Despite the Legislature failing this year to advance statewide discrimination protections for employment, housing, and public accommodations, equality for Florida’s workforce is more popular than ever.
With the early dismissal of the House of Representatives on Tuesday, the Florida Competitive Workforce Act did not advance during the recently ended 2015 Florida legislative session.
However, the number of businesses and people backing the measure continue to reach new heights, giving supporters hope for a solid comeback when lawmakers reconvene in January 2016.
Florida Businesses for a Competitive Workforce — over 30 major Florida employers, 400 local businesses and more than 15,000 residents — pushed for passage of the act this year. The bipartisan measure was included in House Bill 33 from Republican state Rep. Holly Raschein of Key Largo and Senate Bill 156 from Democratic state Sen. Joe Abruzzo of Boynton Beach. Each sought to update Florida’s anti-discrimination law, creating uniformity across the state and helping attract and keep employees.
During its time in the Capitol, both bills managed to secure 31 House co-sponsors and four in the Senate, more than a third Republicans.
“While we did not achieve our goal of passing the Competitive Workforce Act this year,” said coalition spokesperson Christina Johnson, “we are thrilled with the tremendous progress made in gaining support for the anti-discrimination measure.”
While it is illegal to discriminate based on race, color, religion, sex, national origin, age, handicap or marital status, gay and transgender people do not enjoy similar statewide non-discrimination protections.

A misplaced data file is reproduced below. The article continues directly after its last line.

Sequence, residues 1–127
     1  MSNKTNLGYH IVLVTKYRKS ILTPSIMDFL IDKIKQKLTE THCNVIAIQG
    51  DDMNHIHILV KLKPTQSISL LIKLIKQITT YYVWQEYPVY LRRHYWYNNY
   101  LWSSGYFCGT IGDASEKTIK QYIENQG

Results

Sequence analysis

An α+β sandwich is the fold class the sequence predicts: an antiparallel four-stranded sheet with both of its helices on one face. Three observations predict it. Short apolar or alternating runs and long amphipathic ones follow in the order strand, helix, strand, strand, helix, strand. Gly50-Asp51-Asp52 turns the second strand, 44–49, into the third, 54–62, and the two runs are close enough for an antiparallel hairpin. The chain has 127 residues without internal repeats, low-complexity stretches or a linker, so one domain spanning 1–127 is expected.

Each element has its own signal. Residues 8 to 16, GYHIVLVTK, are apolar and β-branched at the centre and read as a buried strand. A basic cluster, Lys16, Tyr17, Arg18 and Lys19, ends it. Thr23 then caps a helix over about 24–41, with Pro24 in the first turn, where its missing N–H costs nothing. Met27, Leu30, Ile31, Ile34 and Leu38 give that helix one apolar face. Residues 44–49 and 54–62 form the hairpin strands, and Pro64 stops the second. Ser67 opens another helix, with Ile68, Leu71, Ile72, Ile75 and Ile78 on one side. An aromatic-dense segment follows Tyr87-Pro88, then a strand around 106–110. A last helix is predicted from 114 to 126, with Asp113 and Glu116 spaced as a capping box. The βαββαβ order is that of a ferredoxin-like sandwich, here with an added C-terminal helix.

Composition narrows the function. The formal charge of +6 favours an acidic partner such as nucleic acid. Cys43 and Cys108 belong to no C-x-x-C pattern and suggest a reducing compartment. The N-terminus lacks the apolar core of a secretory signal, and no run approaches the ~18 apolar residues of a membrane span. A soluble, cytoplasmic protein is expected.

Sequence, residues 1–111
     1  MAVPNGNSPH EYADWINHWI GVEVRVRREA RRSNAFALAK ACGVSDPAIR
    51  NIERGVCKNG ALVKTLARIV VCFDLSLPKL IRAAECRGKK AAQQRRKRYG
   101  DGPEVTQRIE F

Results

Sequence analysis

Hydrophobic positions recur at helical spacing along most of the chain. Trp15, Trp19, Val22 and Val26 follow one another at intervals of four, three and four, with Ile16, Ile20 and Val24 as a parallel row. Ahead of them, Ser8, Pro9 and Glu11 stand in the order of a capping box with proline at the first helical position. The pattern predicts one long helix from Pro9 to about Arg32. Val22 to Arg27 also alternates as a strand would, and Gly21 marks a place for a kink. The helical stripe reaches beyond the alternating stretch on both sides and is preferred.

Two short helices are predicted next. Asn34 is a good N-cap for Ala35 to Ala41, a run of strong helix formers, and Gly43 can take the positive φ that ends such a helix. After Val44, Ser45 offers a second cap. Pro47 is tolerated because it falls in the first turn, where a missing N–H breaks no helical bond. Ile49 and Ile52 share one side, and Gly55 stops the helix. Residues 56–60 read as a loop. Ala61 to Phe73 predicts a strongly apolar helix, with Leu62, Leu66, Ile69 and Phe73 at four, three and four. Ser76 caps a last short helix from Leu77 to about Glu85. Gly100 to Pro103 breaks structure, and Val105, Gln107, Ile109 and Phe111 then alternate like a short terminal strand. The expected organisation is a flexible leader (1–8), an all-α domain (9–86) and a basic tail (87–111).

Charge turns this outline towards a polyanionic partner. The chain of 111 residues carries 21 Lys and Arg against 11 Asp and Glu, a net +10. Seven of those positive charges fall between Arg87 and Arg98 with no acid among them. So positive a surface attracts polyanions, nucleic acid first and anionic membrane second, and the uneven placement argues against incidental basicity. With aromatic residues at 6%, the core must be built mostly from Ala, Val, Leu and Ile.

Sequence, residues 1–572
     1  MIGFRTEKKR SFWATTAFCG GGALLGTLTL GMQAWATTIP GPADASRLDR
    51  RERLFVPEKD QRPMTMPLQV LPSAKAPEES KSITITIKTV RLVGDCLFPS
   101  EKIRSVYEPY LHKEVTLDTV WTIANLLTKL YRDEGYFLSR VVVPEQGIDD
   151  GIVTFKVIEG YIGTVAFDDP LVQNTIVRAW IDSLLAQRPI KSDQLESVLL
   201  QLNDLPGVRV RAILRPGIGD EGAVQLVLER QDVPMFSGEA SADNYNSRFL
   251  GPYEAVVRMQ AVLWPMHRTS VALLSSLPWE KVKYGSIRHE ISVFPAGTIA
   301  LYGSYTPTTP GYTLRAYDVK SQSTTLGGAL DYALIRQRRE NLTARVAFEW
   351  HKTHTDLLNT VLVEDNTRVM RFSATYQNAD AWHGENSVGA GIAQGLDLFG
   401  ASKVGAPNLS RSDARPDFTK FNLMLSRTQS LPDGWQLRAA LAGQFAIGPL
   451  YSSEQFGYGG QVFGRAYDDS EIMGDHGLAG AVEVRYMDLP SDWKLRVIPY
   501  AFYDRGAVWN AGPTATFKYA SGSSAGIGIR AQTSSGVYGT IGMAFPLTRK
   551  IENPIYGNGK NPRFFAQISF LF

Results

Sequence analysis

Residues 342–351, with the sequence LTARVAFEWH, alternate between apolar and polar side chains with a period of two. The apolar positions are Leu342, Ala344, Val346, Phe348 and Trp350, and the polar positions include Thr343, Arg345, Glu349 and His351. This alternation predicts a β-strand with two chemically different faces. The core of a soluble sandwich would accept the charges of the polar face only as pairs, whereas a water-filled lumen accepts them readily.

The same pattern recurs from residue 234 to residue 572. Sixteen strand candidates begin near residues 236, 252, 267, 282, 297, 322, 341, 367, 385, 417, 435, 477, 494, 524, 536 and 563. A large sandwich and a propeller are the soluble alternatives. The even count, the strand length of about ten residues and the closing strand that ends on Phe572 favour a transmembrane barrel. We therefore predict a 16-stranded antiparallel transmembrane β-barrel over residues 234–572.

Florida Businesses for a Competitive Workforce promoted the act, which they believe gives the state a competitive advantage in today’s marketplace.
According to Johnson, discrimination significantly impacts Florida’s economy, with nearly $360 million lost each year in productivity and employee turnover through discriminatory practices. In addition, more than 328,000 LGBT workers in the state are subject to ongoing employment discrimination.
So far, 32 leading employers have joined Florida Businesses for a Competitive Workforce, including eight Fortune 500 companies: Wells Fargo, Disney, Tech Data, NextEra Energy, Marriott, CSX, Office Depot and Darden. Twenty-five Fortune 1000 companies based in Florida now prohibit discrimination based on sexual orientation, while 14 of them also prohibit discrimination based on gender identity.
“As we look ahead to the 2016 Florida legislative session,” Johnson added, “we will continue to secure even more Florida businesses in the months ahead who agree that discrimination of any kind must not be tolerated.”